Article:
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Lagos tackles dumping of refuse on wetlands, canals

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[FILES] Heaps of refuse at the foot of the bridge at Toyota Bus Stop

Lagos State Government, yesterday, advised residents to desist from using refuse to reclaim wetlands and dumping waste into drainage channels to ensure a safer, cleaner and flood-freer environment in the state.
  
Commissioner for Environment, Mr. Tunji Bello, gave advice at a campaign on wetland and biodiversity conservation for residents in Lagos West Senatorial District, at the Lagos State University (LASU), Ojo.
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At the event attended by traditional and community leaders as well as secondary school pupils from the district, Bello said the campaign was necessary to change the environmental behaviour of Lagosians, especially during the rainy season.
  
He said the state government was desirous of involving and committing members of various communities as main stakeholders to protect wetlands within their environment.
 
Bello, who spoke through the Special Adviser on Drainage Services, Mr. Joe Igbokwe, said the campaign, tagged ‘We are Part of the Solution for Nature,’ was aimed at educating residents on the need to look after wetlands and take care of nature.
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Expressing sadness over encroachments on wetlands in Iju, Ejigbo, Badagry, Ikorodu, Itoikin, Orugbo and others, the commissioner said the government was in the process of reviewing a draft wetland policy in the state and boosting enforcement or other relevant environmental laws.
  
The Permanent Secretary, Office of the Environmental Services, Mrs. Aderonke Odeneye, said it was important, as communities and as a people, to do more to preserve nature and protect wetlands from further encroachment.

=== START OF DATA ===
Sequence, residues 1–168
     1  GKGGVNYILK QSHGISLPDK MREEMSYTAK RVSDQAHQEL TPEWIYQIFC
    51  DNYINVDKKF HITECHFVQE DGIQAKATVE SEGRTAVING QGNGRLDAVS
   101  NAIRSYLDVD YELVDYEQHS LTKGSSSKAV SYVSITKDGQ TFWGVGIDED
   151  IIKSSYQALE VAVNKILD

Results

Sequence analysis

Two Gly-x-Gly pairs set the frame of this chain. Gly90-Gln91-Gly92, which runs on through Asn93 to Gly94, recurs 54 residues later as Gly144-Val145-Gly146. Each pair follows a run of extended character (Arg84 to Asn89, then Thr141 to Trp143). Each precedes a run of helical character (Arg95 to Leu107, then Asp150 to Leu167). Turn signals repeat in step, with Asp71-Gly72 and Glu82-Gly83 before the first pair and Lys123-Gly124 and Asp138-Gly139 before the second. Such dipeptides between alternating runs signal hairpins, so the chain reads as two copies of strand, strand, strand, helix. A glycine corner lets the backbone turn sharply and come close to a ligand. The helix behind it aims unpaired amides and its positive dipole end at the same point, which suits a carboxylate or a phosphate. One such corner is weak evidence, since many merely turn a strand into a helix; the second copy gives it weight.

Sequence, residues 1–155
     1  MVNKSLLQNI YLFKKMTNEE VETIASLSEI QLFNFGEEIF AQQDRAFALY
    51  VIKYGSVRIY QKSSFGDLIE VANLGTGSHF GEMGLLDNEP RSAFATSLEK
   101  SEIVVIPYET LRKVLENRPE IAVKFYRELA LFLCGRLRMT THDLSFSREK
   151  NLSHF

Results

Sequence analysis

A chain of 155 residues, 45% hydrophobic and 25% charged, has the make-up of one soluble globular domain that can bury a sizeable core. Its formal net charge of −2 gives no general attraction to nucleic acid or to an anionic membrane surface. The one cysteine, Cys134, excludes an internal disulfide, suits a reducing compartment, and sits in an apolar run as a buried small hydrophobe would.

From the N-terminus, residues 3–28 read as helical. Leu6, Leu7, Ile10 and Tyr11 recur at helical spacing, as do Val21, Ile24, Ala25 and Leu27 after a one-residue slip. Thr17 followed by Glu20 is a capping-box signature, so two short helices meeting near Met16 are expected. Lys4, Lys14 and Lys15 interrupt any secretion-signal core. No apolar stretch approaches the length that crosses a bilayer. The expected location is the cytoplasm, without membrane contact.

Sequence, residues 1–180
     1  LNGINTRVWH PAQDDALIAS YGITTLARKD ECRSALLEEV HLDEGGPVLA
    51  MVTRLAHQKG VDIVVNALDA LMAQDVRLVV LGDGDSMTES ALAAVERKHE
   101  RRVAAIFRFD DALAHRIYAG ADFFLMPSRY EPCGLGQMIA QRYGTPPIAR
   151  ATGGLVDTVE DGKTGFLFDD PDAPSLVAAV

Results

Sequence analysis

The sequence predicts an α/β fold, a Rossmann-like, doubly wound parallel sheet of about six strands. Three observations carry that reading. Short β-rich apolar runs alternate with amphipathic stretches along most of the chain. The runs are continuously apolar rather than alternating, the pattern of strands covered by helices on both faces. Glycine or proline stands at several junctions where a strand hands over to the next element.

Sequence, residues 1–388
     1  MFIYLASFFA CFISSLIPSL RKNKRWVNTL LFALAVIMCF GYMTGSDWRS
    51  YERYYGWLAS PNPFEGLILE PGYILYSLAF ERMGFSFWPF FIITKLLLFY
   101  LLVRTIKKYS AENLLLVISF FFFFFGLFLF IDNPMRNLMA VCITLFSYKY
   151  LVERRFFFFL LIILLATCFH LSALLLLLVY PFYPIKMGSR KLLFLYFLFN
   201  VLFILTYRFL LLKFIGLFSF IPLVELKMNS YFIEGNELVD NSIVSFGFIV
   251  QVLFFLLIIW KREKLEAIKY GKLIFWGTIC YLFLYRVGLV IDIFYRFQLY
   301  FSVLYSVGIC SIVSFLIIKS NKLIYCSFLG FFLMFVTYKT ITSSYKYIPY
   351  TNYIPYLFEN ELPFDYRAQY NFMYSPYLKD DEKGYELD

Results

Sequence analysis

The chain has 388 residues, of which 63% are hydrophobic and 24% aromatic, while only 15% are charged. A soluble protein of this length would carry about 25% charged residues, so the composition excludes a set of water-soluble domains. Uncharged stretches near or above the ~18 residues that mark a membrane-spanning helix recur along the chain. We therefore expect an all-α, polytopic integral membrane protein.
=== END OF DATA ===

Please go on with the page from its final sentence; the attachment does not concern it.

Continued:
She revealed that the ministry had also embarked on identification and categorisation of wetlands in the state on a consultancy basis, as a follow-up to update identification done in 2009.
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Also, the Permanent Secretary, Office of Drainage Services, Olalekan Shodeinde, stated that wetlands are natural habitations provided by God which value could not be replaced by money.
 
He said wetlands retain water during the rainy season to prevent floods, adding that they are part of the land that is green and never go dry throughout the year.
 
In his lecture, the guest lecturer from the Department of Zoology & Environmental Biology, Faculty of Science, LASU, Prof. Abiodun Denloye, insisted that wetlands should be properly preserved for humanity.

He called for actions at both private and government levels to collaborate with research and educational institutions to sustain the reclamation of some wetlands in the state.
  
At the event, students of Iba Housing Estate Secondary School, Iba, presented a drama on the importance of protecting wetlands and the environment. 

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